The 94-page spreadsheet, first reported by CBS News’s Catherine Herridge, shows each claim from the Steele dossier listed in one column, and supporting evidence for that claim in another column — which in many cases were news reports, including some that used Steele as a source.
Herridge tweeted late Monday, “the FBI spreadsheet was part of a broader effort to corroborate the Steele dossier claims.”
She added: “While lightly redacted, the bureau spreadsheet shows the FBI relied heavily on media reporting to back up claims about Carter Page, Paul Manafort, and others.”
Herridge noted that in one case, the source for a Yahoo report the FBI used to back up Steele’s claims was Steele himself.
A former senior FBI intelligence officer, Tom Gill Sr., told Herridge that relying on media reporting was not standard.
“Any effort to corroborate a report should include a variety of intelligence sources, including imagery intelligence, human intelligence, signals intelligence as well as clandestine intelligence collection platforms for verification,” he told Herridge. “You don’t rely on media reporting.”
The dossier was paid for by the Clinton campaign in early 2016 through law firm Perkins Coie. Perkins Coie hired Fusion GPS, which then hired Steele to produce the anti-Trump dossier. The dossier was then circulated to the Obama administration’s FBI, DOJ, and other agencies, as well as to Democrat and Republican members of Congress.
The spreadsheets show that the Clinton-paid Fusion GPS-Steele dossier that claimed collusion between the Trump campaign and Russia was funneled to the FBI, which then relied on media reports — including those planted by Fusion GPS and Steele — for evidence for those collusion claims.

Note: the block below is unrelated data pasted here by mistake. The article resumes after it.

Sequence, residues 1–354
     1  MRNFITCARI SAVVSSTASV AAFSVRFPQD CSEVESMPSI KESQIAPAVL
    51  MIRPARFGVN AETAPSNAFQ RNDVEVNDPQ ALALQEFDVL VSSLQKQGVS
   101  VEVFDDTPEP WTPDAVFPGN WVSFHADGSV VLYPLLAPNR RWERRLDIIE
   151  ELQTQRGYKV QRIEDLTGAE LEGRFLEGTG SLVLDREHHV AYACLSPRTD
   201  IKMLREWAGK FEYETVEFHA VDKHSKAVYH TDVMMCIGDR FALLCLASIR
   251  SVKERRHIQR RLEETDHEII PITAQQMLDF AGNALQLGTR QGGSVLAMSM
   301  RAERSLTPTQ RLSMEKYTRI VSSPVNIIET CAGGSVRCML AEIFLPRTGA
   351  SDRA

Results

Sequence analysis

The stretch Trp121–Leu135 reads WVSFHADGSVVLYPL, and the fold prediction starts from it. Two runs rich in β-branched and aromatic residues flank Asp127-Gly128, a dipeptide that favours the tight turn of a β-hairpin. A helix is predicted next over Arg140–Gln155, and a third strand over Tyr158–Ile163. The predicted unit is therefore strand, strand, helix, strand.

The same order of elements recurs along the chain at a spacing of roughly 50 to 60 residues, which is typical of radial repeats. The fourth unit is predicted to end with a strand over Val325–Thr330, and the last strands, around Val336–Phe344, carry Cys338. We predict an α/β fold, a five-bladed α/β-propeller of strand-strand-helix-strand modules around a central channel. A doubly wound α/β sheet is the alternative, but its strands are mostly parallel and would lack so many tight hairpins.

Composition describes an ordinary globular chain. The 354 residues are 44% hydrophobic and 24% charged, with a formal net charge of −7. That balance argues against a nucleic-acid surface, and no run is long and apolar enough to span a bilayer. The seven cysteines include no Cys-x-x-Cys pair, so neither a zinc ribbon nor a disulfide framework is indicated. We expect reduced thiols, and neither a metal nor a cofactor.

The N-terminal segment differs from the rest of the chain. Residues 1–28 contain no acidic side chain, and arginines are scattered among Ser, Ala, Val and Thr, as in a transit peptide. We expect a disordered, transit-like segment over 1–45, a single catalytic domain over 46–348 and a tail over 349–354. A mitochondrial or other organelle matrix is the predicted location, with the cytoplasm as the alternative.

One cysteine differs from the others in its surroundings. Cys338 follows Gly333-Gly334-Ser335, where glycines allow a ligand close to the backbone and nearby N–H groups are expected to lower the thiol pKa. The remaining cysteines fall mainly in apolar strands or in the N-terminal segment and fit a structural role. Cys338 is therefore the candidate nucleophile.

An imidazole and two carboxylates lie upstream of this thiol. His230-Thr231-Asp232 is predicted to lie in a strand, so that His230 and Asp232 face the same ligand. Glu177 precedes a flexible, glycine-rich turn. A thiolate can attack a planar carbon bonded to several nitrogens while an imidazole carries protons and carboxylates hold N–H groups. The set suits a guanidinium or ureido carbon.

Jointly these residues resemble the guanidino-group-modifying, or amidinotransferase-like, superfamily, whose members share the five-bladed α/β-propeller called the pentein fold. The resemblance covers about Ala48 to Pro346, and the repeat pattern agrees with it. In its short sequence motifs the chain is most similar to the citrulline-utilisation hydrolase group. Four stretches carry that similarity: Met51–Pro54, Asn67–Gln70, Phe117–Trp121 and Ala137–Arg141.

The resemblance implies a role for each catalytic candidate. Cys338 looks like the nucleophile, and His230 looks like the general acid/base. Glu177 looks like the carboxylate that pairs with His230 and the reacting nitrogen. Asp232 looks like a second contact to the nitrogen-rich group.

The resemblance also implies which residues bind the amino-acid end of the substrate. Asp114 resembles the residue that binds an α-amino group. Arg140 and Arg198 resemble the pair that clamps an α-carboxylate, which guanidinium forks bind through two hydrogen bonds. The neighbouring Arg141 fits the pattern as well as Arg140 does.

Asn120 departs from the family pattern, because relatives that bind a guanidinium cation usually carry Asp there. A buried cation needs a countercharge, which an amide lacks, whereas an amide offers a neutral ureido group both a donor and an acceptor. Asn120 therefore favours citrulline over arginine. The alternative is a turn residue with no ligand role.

The spreadsheets also show how seriously the FBI took the dossier’s claims, by producing spreadsheets in the agency’s attempts to vet the claims. The FBI also used the dossier to back up applications for surveillance warrants against former Trump campaign aide Carter Page.
Special Counsel Robert Mueller ultimately found no evidence of a criminal conspiracy between the Trump campaign and Russia, after a several-years long investigation costing millions of American taxpayer dollars.
The spreadsheet also lists Steele’s primary sub-source, a Russian analyst who lives in Washington, D.C., Igor Danchenko, to back up the claims. Danchenko told the FBI was early as January 2017 that he provided Steele with rumors and gossip from six sub-sources in Russia, and did not personally verify the information.
The spreadsheet also includes unverified allegations from a memo compiled by Cody Shearer, a longtime associate of the Clintons, according to the
Daily Caller. Shearer had provided then-State Department official Jonathan Winer with the memo, who then gave it to Steele.
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